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What employers need to know about new casual employment laws

The Fair Work Act (FWA) was recently amended to change workplace rights for casual employees, and places new obligations on employers.

A new definition of casual employment has been introduced, as well as a pathway for casual employees to move to permanent employment, through casual conversion or offer of permanent employment. Essentially, the laws confer a statutory entitlement for long-term casual employees to be offered, or to request permanent employment in certain circumstances.  It is important to note that the rules for small business employers (those with less than 15 employees) are different to those applicable to other employers.

Employers must also give a copy of the Casual Employment Information Statement (CEIS) to their casual employees.

This information is general only. If you are an employer employing casual staff, you should be aware of your obligations under these laws and obtain professional advice specific to your workplace and circumstances.

Casual Employment Information Statement

Employers are required to give every new casual employee a CEIS before or as soon as possible after they start their new job. They also need to give their existing casual employees a copy of the CEIS as soon as possible. For further information, see Casual Employment Information Statement.

Definition of a “casual employee”

Generally, a person is a casual employee if an employer makes an offer of employment on the basis that the employer makes no firm advance commitment to continuing and indefinite work according to an agreed pattern of work, and the person accepts the offer on that basis.

A person will be considered a casual employee on the basis of the offer and acceptance as indicated above and not on the basis of any subsequent conduct of either party that may imply otherwise.

Casual conversion to permanent employment

Subject to some exceptions, employers, other than small business employers, must offer casual employees conversion to full or part-time (permanent) employment if:

  • the employee has worked for them for at least 12 months, and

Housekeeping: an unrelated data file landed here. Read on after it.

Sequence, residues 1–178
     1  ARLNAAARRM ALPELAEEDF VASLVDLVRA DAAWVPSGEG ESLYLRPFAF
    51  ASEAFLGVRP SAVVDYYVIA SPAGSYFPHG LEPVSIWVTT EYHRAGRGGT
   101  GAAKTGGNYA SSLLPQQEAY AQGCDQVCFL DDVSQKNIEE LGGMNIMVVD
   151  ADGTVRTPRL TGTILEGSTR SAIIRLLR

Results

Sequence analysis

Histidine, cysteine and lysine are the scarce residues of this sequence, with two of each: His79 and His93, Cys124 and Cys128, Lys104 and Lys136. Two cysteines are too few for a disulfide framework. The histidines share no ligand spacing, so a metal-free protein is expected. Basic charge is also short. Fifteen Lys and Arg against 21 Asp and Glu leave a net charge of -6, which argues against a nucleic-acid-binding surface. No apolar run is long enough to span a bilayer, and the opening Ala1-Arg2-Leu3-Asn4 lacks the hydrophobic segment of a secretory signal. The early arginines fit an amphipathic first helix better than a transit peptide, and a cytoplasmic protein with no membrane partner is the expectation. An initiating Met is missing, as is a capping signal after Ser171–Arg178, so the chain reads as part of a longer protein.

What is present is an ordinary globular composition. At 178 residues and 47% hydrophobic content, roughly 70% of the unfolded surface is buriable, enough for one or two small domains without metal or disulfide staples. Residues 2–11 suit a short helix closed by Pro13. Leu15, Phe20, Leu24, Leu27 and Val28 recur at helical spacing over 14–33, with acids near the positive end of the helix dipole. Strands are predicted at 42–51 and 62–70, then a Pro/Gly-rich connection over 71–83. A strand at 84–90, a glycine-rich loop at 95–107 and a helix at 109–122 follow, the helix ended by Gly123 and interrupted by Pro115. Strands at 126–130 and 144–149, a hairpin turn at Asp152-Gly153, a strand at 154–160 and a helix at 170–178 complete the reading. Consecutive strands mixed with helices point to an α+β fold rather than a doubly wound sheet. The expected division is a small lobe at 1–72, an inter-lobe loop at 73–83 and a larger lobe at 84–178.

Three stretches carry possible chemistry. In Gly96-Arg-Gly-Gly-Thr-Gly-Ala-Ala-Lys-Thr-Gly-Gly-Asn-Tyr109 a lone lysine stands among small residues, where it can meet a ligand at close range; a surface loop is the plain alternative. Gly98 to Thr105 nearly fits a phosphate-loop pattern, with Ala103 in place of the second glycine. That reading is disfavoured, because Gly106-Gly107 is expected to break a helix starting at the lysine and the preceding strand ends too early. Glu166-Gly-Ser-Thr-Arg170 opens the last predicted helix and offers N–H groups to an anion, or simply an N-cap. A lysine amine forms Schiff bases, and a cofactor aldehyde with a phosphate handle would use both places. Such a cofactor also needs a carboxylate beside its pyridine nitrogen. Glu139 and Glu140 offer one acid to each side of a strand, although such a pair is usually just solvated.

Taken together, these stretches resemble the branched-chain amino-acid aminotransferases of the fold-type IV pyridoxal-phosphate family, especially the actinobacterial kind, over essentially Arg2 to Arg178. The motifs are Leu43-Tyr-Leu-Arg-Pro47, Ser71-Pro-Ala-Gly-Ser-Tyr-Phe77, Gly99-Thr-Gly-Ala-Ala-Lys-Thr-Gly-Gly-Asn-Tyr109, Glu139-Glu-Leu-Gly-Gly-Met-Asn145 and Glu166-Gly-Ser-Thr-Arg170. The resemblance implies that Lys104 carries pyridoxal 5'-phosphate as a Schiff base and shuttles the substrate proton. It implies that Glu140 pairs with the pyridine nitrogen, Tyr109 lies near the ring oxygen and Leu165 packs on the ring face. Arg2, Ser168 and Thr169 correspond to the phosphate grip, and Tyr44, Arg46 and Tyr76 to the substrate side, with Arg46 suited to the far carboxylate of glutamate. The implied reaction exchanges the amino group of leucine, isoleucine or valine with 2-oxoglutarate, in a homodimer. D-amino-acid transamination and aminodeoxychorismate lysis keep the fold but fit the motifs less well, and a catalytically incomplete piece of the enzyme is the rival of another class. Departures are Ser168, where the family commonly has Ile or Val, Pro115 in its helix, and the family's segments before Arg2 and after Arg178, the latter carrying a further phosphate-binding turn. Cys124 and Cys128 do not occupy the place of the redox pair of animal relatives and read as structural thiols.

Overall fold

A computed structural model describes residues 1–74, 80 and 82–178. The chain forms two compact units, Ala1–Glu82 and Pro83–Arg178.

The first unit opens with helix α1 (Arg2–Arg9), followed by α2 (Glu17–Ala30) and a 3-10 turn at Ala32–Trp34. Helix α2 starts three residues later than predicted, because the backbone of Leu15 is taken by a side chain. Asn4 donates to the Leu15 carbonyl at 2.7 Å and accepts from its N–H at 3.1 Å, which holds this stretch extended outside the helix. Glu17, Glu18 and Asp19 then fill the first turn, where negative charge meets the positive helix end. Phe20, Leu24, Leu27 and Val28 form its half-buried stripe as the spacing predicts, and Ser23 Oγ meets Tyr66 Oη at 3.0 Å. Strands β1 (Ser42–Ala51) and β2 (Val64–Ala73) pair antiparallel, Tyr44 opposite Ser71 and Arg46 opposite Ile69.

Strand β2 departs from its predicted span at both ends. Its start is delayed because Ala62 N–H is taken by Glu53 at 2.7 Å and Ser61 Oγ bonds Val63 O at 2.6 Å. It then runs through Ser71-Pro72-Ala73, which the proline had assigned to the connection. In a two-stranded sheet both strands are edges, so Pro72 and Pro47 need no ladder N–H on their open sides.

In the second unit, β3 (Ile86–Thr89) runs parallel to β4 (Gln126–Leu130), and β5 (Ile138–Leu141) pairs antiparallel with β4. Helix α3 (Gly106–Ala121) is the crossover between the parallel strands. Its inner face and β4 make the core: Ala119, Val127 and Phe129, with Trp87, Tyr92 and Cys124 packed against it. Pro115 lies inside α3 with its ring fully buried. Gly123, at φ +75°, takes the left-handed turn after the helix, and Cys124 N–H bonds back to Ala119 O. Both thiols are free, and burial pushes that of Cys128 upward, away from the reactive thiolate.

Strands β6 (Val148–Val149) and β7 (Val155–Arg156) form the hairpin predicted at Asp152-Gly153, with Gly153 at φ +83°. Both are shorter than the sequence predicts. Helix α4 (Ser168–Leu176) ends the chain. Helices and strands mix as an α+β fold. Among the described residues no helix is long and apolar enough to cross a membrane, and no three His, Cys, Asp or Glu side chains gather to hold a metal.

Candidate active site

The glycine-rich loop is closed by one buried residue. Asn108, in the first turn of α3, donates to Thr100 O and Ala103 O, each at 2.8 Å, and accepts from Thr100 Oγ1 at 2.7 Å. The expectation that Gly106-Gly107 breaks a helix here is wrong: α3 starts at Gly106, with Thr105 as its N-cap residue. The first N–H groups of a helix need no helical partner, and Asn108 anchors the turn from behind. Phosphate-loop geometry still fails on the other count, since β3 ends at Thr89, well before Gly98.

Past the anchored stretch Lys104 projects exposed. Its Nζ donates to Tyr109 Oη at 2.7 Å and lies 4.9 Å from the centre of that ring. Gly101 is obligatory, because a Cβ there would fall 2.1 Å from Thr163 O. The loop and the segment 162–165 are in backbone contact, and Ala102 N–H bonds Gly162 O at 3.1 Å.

• during the past 6 months, the employee has worked regular and systematic hours on an ongoing basis which, without significant adjustment, the employee could continue to work as a full-time or part-time employee.

If the employer does not offer casual conversion, they must write to the employee within 21 days of their 12-month work anniversary, advising them of their decision not to offer them the option to convert to permanent employment and their reasons for doing so.

The employer may only base their decision to not offer the employee casual conversion on “reasonable grounds”.

Casual employees may request permanent employment from an employer

Employees may request to convert to permanent employment 21 days after their 12-month work anniversary.

To be eligible to request casual conversion, employees need to:

  • have been employed by the employer for at least 12 months;
  • worked a regular pattern of hours on an ongoing basis for at least the last 6 months of their casual employment;
  • be able to continue working these hours as a full or part-time employee without significant changes.

Employees will not be eligible to make a request if, in the last 6 months:

  • they have refused an offer to convert to permanent employment;
  • the employer has advised in writing that they will not be making an offer of casual conversion because there was a reasonable ground not to make the offer;
  • the employer has refused another request for casual conversion because there was a reasonable ground to refuse the request.

Casual employees eligible to become a permanent employee can make a request for casual conversion every 6 months.

Employers need to respond in writing to an employee’s request within 21 days advising whether they have accepted the request. If the employer refuses the request, they must state the reasons why in their response. The reasons for not accepting a request for casual conversion must be based on a “reasonable ground”.

A “reasonable ground” may include that within the next 12 months any of the following will occur:

  • the employee’s position will not exist;
  • the employee’s hours of work will significantly reduce;
  • the days or times of work will significantly change, and this cannot be accommodated within the employee’s available days or times for work.

Conclusion

Employers should review their employment contracts in line with these laws and the definition of a casual employee, and understand the circumstances under which a statutory right for casual employees to convert to permanent employment will arise.

Processes should be implemented to ensure that existing and future casual employees are provided a CEIS, and to deal with the conversion from casual to permanent employment.

With employment laws constantly evolving, it is important to obtain professional advice to ensure compliance with workplace laws, whilst balancing the resources and operational needs of an organisation.

If you or someone you know wants more information or needs help or advice, please contact Ian Tait on 08 9422 8111 or email buslaw@taitlegal.com.au.